Global Security Newswire
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Canadian Imports of Russian HEU Criticized
A 2010 agreement between a Canadian medical isotope production company to purchase highly enriched uranium from Russia has drawn criticism from nonproliferation analysts who argue it runs contrary to Ottawa's publicized nuclear security promises, the Globe and Mail reported on Wednesday (see GSN, Jan. 25, 2011).
At the inaugural Nuclear Security Summit in 2010, Canadian Prime Minister Stephen Harper pledged to curb his nation's nonmilitary usage of HEU material. That commitment has been called into question by arms control advocates and even some U.S. lawmakers who contend Canada is not moving fast enough in reducing its HEU usage.
Case in point is the decade-long HEU acquisition agreement that the Ottawa company Nordion Inc. -- the planet's top supplier of medical isotopes -- reached in fall 2010 with a Russian firm. Though the uranium agreement comes with a stipulation for Nordion to eventually switch to low-enriched uranium-based isotope production, no deadline for the conversion has been established.
The deal would also allow the Canadian firm to skirt potential new restrictions on the U.S.export of HEU stocks. Canada does not have a domestic uranium enrichment capability and so in the past has relied on HEU imports from the United States for the production of medical isotopes at the government-owned Chalk River plant in Ontario.
The uranium export agreement gives Moscow fewer reasons to lower its civilian sector usage of nuclear weapon-usable uranium even though both Washington and Ottawa have pored hundreds of millions of dollars into efforts to protect Russian atomic materials. Nordion, as well, now has less reason to switch to LEU-based isotope production, critics of the deal argue.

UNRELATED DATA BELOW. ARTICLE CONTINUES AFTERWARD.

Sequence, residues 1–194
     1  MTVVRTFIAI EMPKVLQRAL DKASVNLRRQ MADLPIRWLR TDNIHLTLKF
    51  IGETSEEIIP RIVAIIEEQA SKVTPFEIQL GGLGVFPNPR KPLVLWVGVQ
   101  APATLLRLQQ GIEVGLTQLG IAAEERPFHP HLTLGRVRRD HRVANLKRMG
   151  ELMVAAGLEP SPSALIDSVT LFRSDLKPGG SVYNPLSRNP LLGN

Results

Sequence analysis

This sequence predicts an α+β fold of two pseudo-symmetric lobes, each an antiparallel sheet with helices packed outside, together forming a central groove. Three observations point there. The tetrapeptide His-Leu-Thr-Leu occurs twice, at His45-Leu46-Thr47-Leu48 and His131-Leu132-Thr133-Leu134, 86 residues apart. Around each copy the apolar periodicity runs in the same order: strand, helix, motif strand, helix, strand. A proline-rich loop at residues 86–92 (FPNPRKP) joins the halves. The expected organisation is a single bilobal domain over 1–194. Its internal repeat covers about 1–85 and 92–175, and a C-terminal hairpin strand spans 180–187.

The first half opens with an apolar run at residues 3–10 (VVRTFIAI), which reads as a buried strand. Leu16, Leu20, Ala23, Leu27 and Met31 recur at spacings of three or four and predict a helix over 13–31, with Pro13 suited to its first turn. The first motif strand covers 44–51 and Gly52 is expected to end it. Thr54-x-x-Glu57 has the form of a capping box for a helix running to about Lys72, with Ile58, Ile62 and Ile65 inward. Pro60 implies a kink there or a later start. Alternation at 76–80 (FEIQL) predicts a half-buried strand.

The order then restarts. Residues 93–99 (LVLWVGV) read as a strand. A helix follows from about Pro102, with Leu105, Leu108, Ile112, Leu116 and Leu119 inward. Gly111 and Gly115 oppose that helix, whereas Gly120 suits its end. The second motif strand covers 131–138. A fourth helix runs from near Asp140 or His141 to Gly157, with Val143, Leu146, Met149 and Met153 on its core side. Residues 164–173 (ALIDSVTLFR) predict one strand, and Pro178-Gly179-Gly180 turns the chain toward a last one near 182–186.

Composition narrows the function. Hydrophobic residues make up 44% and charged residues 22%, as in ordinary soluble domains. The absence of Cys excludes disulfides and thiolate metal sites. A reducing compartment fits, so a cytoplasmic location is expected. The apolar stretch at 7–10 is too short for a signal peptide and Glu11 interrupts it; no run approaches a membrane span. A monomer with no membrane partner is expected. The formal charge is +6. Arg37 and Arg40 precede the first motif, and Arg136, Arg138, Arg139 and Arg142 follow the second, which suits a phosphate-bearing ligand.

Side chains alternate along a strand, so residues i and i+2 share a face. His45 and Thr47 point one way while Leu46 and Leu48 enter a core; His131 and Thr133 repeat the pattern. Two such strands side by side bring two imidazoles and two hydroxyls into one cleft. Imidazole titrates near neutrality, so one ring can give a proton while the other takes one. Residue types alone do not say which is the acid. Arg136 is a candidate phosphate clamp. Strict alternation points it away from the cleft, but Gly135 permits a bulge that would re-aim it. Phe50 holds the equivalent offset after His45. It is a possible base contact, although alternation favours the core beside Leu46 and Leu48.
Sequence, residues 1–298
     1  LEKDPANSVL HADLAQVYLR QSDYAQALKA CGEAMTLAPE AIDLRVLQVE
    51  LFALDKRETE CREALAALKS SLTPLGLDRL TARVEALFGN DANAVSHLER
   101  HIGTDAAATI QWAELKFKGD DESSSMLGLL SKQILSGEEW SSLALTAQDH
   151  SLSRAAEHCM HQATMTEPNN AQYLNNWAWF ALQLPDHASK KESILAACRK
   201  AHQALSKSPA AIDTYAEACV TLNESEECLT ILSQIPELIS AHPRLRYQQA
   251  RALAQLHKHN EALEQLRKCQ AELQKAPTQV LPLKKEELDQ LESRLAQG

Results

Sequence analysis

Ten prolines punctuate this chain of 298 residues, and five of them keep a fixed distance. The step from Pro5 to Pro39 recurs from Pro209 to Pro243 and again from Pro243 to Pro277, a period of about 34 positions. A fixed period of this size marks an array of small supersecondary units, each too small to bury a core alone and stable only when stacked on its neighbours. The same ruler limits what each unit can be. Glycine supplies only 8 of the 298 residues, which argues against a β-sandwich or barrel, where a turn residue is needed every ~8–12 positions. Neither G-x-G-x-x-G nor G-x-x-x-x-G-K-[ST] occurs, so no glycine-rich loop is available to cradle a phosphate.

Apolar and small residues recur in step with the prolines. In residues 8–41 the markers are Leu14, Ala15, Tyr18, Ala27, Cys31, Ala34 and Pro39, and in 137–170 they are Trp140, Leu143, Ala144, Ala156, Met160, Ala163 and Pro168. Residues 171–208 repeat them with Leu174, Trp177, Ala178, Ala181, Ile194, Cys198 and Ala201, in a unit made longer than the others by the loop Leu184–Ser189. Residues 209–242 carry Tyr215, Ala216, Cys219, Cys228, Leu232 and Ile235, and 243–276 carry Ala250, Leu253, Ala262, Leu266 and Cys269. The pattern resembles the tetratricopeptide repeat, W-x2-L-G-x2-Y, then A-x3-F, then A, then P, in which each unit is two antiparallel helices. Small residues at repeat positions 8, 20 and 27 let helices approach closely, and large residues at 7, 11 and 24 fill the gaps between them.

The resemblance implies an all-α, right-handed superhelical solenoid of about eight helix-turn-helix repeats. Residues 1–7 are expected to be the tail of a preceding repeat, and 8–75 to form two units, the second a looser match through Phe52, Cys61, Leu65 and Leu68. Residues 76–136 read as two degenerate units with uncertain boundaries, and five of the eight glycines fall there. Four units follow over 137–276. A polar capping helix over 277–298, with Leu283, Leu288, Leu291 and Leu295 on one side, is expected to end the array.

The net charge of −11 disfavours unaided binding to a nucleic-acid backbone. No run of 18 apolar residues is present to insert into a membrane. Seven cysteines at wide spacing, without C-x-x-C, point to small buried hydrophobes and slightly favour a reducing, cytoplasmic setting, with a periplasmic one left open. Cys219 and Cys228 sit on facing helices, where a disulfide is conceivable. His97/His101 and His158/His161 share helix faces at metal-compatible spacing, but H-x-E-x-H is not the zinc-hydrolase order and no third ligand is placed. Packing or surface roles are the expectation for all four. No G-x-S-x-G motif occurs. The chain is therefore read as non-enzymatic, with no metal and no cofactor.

“This deal basically makes it impossible for people using the safer material to compete,” James Martin Center for Nonproliferation Studies senior researcher Miles Pomper said. “It discourages other countries from converting, which means there’s more HEU in other places, too" (see GSN, March 30, 2010).
As the U.S. medical sector is reliant on Nordion's isotopes, it is not clear that Washington has much leverage in convincing Ottawa to do more to convert to LEU-based isotope production. The Canadian government is pursuing studies on LEU-based medical isotope generation.
Still, Prime Minister Harper is likely to be lobbied on the matter when he takes part in next week's Nuclear Security Summit in Seoul (see related GSN story, today).
"There's probably going to be a lot of talk about this on the side," predicted Chad Westmacott of the Organization for Economic Cooperation and Development's Nuclear Energy Agency (Jeremy Torobin, Globe and Mail, March 21).
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This paper lays out a roadmap with five pathways to ending civilian HEU use and to beginning the necessary research and development to minimize and ultimately eliminate HEU for naval use, with specific recommendations that countries can undertake prior to the 2016 Nuclear Security Summit.
This article provides an overview of Canada’s historical and current policies relating to nuclear, chemical, biological and missile proliferation.